by Amy Martinez
Updated 2 yearss ago
The Coral Gables City Commission voted unanimously in June to launch a series of community workshops to engage residents in discussing a proposal to put the city’s utility lines underground. Led by Mayor Vince Lago, city officials say undergrounding can help Coral Gables avoid power outages and prevent damage from downed utility poles during future storms.
“When you have a hurricane and a (tree) canopy like the one Coral Gables has, you could be without power for two or three weeks as a result of one line being down,” Lago says.
Coral Gables had planned to begin a community engagement campaign on undergrounding in spring 2020, but the COVID-19 pandemic forced it to shelve the project. After a series of public workshops, the commission will vote next June on whether to put a measure on the November 2022 ballot to get approval from residents to bury the city’s utilities. While details are still being worked out, the project’s estimated cost of $250 million-plus would be split among the city, its residents and FPL.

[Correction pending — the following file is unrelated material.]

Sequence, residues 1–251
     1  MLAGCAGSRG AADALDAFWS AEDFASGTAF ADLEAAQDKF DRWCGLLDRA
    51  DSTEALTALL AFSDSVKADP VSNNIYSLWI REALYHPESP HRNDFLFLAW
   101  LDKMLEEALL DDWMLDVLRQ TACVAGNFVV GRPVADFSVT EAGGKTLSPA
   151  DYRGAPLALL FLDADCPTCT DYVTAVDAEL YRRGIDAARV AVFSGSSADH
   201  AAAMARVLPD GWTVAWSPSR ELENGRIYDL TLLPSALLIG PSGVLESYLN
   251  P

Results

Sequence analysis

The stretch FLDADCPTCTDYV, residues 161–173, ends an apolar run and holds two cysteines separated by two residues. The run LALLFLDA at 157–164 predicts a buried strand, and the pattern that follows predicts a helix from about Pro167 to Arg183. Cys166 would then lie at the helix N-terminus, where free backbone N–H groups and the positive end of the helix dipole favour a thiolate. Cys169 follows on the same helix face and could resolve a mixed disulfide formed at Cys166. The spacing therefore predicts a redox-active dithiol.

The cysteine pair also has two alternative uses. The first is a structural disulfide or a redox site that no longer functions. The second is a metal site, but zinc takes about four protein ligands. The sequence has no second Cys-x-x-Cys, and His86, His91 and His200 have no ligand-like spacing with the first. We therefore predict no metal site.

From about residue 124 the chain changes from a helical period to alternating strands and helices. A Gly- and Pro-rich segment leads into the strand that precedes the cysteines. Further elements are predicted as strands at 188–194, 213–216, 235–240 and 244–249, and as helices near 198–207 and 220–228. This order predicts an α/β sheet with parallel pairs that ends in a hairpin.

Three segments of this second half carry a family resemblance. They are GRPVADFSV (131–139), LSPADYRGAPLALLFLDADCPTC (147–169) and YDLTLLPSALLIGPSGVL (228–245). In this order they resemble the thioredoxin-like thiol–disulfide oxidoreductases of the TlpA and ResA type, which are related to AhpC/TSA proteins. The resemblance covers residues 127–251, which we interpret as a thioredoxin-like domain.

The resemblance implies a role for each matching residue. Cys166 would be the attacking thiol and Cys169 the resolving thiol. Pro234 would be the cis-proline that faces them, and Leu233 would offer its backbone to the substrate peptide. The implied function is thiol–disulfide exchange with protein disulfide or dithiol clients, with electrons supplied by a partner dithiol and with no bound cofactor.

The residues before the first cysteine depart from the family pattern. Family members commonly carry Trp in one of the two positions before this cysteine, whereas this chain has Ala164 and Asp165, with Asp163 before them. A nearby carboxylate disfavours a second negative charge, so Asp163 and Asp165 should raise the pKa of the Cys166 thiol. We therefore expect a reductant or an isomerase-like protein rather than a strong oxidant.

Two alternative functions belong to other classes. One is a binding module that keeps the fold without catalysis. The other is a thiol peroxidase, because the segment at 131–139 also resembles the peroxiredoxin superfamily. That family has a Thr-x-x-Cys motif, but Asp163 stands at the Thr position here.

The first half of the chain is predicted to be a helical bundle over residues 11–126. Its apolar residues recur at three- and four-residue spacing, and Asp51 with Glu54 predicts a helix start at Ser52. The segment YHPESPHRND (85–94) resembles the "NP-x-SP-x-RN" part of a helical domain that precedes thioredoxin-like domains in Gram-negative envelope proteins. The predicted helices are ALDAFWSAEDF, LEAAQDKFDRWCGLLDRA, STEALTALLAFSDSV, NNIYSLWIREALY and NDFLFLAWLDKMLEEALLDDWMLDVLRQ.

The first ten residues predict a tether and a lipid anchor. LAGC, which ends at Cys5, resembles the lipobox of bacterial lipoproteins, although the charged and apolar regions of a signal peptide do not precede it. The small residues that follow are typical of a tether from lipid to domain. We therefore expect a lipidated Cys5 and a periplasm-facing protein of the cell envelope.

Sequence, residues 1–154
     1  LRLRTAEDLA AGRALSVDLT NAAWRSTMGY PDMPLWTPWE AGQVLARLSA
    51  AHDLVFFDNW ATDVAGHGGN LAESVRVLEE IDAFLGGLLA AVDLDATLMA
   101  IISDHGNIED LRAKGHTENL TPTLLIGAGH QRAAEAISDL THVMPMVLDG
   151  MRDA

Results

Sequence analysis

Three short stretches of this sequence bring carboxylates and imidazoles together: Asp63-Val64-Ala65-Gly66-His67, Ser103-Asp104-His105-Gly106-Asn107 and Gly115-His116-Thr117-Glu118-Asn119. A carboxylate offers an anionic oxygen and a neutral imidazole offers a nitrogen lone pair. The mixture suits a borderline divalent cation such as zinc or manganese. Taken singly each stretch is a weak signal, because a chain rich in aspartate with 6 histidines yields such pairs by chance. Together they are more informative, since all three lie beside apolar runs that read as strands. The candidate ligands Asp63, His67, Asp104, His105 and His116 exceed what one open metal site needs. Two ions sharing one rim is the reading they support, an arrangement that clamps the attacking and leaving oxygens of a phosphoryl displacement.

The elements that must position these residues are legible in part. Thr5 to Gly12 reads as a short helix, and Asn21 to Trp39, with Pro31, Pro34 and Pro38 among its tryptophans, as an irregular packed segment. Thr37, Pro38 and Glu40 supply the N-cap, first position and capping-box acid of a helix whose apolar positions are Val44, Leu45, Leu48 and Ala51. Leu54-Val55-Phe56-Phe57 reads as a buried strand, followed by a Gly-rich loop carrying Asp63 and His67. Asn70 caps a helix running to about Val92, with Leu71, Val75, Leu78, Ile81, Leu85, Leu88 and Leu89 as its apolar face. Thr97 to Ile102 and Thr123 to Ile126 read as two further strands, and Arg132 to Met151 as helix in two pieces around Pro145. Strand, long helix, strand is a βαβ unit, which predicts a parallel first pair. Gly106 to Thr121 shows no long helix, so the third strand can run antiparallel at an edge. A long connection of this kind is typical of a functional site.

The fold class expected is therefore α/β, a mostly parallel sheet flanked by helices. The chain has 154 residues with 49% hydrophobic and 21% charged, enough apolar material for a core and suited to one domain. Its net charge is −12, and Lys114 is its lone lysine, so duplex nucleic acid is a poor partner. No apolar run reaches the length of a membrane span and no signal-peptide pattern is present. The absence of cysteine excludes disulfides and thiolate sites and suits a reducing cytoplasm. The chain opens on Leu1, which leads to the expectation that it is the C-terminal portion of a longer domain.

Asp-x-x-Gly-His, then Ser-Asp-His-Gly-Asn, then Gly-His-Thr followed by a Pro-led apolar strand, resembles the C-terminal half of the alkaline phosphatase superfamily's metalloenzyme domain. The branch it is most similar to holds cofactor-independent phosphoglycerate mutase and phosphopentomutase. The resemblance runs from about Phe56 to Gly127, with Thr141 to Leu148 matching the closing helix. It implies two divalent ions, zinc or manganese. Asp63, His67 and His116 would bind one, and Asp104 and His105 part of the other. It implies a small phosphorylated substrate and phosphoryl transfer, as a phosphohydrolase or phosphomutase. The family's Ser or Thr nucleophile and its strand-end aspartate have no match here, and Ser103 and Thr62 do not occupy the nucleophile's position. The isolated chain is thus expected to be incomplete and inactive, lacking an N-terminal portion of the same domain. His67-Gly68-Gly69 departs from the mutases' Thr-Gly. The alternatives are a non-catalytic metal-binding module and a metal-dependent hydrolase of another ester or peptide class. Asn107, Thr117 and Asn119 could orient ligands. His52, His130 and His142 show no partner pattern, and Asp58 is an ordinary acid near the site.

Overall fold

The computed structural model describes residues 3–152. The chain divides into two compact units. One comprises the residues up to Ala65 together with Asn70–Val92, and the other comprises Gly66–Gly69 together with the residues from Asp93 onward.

Lago says that the project won’t begin without residents’ support. “The only way I’ll move forward is with a referendum,” he says. “The next step would be to solidify the cost by hiring FPL and our outside consultants to give us an actual viable number.”
Meanwhile, other Miami-Dade municipalities, including Key Biscayne, Sunny Isles Beach and Surfside, also have moved to bury their utilities. More than a decade ago, Golden Beach used a general obligation bond to fund a $9-million undergrounding effort.
Read more in Florida Trend's September issue.
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